Whether in spray or candle form, bug repellant seems to be a necessity in the humid days of summer. But what exactly are those chemicals that give the spray its distinctive smell, and how do they work to keep bugs away?
Most bug sprays are made
from synthetic chemicals, such as DEET, the most common
ingredient in bug repellant. Originally
developed by the U.S. Army for jungle warfare, and tested as a
pesticide on farms, DEET offers protection against tick and
mosquito bites. Scientists don’t yet know exactly how DEET works, but the prevailing theory is that it disrupts insects’ ability to detect the natural chemicals - carbon dioxide, lacticacid, and a compound called 1-octen-3-ol – that would otherwise lead them to humans.
Essentially, the bug spray masks your scent, keeping the mosquitoes away. This "blindness" is achieved by DEET interfering with the function of specific odorant receptors that work with a smell co-receptor called Or83b. This receptor is needed for mosquitoes to detect 1-octen-3-ol and other odors in sweat, but not for them to detect carbon dioxide. So DEET works by blocking parts of the olfactory system, not all of it.
However, some tests show that DEET can be harmful when used often and in high concentrations. While DEET can possibly cause seizures, the seizure rate is about one per 100 million users, and therefore generally considered safe. However, some people prefer to use natural bug repellent, not just for safety reasons, but because of DEET’s strong smell. Citronella oil has been used as an insect repellent for over 60 years, and now most of us know it from bug-repelling candles. Most essential oil-based repellents are not as effective as DEET, but oils with high levels of effectiveness include eucalyptus and lemongrass.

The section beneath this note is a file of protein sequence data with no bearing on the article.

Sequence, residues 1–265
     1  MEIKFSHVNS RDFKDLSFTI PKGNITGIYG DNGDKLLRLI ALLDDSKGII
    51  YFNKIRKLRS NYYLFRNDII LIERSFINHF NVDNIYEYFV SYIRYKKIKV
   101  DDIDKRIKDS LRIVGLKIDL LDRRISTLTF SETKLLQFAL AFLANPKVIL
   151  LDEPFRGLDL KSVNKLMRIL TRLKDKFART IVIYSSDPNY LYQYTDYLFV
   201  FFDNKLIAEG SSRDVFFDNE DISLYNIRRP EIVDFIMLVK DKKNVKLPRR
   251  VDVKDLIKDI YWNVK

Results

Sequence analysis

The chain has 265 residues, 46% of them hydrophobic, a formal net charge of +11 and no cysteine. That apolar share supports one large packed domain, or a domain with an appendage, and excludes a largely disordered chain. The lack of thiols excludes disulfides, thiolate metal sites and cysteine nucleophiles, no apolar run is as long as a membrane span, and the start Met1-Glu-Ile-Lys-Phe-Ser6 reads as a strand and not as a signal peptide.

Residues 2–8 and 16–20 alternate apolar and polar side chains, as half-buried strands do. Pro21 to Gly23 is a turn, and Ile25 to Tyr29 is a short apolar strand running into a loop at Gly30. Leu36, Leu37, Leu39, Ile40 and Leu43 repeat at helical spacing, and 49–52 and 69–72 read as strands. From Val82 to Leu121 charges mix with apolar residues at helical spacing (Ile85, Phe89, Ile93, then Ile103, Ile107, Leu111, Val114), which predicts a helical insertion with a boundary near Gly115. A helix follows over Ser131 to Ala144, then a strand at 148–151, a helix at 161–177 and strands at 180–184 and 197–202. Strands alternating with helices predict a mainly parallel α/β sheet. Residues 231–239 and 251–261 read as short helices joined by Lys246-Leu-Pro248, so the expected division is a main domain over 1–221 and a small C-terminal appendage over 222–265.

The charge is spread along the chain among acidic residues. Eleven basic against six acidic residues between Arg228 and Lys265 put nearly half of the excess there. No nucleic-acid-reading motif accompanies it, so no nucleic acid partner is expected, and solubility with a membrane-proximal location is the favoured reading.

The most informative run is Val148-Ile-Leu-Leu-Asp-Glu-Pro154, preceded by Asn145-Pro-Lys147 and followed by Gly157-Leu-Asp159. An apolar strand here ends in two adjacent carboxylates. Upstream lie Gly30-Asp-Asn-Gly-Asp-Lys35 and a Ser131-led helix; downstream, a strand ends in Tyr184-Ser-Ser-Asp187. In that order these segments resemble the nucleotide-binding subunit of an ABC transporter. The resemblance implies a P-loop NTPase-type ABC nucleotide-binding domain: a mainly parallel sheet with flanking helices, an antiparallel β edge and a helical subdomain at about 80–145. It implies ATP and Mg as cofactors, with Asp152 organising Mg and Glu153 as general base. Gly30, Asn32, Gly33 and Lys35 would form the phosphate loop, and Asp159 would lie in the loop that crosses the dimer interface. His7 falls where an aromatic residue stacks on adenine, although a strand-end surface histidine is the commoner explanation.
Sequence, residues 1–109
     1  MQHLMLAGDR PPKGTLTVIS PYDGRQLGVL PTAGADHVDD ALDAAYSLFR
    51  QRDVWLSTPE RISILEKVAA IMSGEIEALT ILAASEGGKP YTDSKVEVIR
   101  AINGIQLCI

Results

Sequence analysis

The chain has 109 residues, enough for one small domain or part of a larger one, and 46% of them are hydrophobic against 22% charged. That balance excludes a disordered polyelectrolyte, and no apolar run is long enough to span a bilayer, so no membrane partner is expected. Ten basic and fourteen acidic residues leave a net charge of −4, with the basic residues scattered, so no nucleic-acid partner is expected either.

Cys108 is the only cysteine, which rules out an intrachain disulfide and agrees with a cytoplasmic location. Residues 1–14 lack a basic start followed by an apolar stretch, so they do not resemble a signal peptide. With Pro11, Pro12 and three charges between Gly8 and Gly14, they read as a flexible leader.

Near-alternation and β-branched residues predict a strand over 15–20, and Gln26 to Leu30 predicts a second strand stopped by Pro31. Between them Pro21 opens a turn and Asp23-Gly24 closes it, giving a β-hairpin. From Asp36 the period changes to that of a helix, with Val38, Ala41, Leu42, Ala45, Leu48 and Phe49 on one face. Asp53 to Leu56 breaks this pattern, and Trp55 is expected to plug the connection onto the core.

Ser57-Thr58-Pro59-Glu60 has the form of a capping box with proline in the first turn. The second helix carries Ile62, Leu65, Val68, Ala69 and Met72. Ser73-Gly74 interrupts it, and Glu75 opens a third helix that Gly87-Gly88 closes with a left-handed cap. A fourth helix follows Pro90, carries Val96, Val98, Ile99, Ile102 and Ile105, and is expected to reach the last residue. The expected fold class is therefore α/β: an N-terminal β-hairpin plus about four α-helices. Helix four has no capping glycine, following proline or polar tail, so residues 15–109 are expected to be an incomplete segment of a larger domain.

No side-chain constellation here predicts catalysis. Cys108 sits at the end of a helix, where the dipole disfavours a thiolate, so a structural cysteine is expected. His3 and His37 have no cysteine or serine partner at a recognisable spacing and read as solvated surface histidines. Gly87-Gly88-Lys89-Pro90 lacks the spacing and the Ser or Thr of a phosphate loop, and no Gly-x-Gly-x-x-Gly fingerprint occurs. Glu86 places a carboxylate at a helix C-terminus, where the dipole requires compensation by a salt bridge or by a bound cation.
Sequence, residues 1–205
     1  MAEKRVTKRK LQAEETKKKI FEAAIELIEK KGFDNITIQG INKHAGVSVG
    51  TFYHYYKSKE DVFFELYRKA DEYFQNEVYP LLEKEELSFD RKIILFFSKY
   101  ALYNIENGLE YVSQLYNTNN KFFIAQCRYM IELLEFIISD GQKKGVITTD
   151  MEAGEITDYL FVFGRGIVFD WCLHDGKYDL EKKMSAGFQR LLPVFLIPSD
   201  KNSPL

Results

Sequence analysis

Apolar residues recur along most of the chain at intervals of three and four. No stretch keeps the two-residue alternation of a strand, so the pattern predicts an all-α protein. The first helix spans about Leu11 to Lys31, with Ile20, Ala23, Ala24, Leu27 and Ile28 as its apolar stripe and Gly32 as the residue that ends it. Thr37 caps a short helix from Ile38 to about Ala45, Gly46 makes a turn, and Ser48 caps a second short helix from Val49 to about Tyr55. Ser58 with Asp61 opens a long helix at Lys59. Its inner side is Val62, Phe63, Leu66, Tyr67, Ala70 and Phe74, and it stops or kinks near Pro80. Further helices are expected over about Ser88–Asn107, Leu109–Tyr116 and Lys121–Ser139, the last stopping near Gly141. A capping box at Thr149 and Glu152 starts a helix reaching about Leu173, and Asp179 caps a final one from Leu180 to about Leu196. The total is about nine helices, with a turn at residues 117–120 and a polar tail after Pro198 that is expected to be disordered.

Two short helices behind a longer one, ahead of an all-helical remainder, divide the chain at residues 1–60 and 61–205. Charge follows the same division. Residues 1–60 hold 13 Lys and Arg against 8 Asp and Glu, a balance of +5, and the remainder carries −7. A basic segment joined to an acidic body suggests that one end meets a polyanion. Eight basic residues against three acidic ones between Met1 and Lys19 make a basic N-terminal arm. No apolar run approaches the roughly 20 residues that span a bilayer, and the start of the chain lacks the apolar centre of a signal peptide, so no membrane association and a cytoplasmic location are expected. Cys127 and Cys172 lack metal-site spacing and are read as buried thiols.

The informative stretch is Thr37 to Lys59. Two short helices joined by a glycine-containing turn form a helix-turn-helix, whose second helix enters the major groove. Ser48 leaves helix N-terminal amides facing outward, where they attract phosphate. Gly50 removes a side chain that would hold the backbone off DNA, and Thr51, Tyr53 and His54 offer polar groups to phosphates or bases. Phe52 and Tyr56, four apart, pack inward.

Many people claim that eating certain foods, particularly bananas, will make you more likely to be bitten by mosquitoes . This, unfortunately, has remained inconclusive, and some people even claim that bananas will keep mosquitoes away. So don’t change your diet in hopes of surviving mosquito season.
You can, however, change your hair color. Mosquitoes have been shown to be more attracted to blondes and redheads , though only because these hair colors stand out in a crowd. Research has also shown that the bugs prefer ovulating women and people with smelly feet. But no matter what you’ve eaten, what your hair color is, or what time of the month it is, DEET is the way to go in bug protection.
Erica Hersh is an editorial intern and writer for Under The Microscope.